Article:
All our Defenders are T-rated. AFAIK, they are not available H-rated or V-rated

Considering we’re talking about some kind of Suzuki, V-rated would be overkill, and way more than what’s needed

Unless this is some kind of Suzuki sports car . . . ?

What does the owner’s manual call for . . . I’m guessing it’s H-rated

Yeah, 91H is what’s on there now. And really, I have to say, whatever kind of Firestones are on there now, they’ve worn really really well.

I came up with the Pirelli option after reading a LOT of reviews on CR. Basically, for every single tire that had more than a few reviews, there was somebody who LOVED those tires… “these are the best tires ever” … and also at least one or more people who had the opposite experience… “these are the worst tires ever.”

With the Pirelli’s, it seems that they had a bigger ratio of positive to negative reviews.

I called my local Costco. You can only get Michelin or Bridgestone with them. Personally, I’m pretty sure I once had a Toyota that came with Bridgestones, and they seemed fine… but the one Bridgestone CR did review barely made the cut.

Also… another bonus with the Pirellis… at least in theory anyway… more than one person said they thought the 70k tread life warranty was approximately realistic. That’s at least something, I guess.

I dunno, I guess tire buying is an incredibly personal decision, but I’m kind of shaking my head, because the CR reviewers and the reviews posted by their readers don’t seem to correlate with one another… at least… for the most part they don’t seem to.

Reader reviews are typically not objective. People do not usually use tools available to paid reviewers like CR or Tire Rack. Given a choice between professional reviews and personal reviews, I’ll take the professional reviews. That is a big reason why I bought Continental PureContact tires for my Accord.

Edit: H rated, BTW.

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You are making this too difficult. Just put your vehicle in the various web sites ( Costco- Discount Tires-WalMart ) and see what they have for your vehicle. With all the rebate programs out there or the buy 3 get 4 deals you might save money and even buy something you never thought of.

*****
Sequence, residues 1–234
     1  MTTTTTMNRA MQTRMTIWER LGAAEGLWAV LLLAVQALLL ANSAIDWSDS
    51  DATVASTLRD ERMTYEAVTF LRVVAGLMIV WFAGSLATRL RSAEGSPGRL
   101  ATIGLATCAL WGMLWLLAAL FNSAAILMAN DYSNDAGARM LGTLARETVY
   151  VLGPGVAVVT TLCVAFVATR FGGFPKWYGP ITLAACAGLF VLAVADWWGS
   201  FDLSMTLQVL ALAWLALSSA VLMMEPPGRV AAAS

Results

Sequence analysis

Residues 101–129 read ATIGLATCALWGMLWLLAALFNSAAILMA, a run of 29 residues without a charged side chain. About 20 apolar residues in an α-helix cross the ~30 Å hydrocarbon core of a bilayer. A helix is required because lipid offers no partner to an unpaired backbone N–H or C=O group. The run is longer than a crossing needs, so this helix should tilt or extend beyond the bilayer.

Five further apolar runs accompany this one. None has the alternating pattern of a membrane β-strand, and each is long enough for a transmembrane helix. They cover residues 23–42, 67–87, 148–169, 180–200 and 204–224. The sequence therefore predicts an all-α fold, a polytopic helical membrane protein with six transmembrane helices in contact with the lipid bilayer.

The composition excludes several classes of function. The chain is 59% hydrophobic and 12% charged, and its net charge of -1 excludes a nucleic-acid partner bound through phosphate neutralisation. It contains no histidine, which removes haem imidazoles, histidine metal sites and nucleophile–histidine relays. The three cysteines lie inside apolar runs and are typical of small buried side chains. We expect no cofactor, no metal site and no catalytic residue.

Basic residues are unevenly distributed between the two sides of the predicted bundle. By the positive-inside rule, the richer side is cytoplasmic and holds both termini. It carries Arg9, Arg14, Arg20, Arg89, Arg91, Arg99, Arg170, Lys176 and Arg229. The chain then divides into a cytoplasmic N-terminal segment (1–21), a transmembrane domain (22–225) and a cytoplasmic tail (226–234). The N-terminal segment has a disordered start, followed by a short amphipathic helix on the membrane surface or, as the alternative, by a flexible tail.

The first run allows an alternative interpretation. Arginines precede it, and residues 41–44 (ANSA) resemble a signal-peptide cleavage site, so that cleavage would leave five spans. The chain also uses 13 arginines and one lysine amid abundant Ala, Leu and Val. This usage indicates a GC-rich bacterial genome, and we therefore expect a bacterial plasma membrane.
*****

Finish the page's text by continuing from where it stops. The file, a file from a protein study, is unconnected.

We have Pirelli’s on our performance vehicle but I would not chose them over a decent less costly tire on our daily driver.

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Actually, Costco sells Michelin, Bridgestone . . . and BF Goodrich

So that should give you some more choices

FWIW . . . I am NOT partial to Firestone

I may be mistaken, but I thought Firestone owns Bridgestone

I have a slightly higher opinion of Bridgestone tires, versus Firestone

How many miles will you drive per year . . . ?

LOL, it’s centrifugal force… which doesn’t actually exist at all. It’s inertia forced to go in a circle by centripetal force instead of straight. An object in motion will continue in a straight line unless acted upon by some outside force.

To run a little cooler, the tread rubber will not be as thick on a V rated tire as on a H rated tire. Therefore they won’t last as long…The treadwear rating will be lower…In some cases considerably lower…You can save money and get better tire life from an H rated tire all things being equal…

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Nevertheless, there are several V-rated tires on CR and tirerack, which have very high treadwear ratings

Not so simple, the original equipment tire is the Bridgestone Turanza EL400-02 with a H speed rating, UTQG rating 300AA and tread depth 11/32". This is a common O.E. tire, we sell these often.

The Bridgestone Turanza Serenity Plus has a V speed rating, UTQG 600AA and 12/32" tread for a few dollars less.

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I’ve sold many sets of the Serenity Plus over the last few years and everyone has been very happy with them. They ride nice, handle well, good traction in wet conditions, and seem to last.


Who makes Serenity Plus . . . ?

H-rated all-season tires, I presume . . . ?

Sounds like a solid, all-around performer :smile:

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Firestone/Bridgestone. They merged several years ago.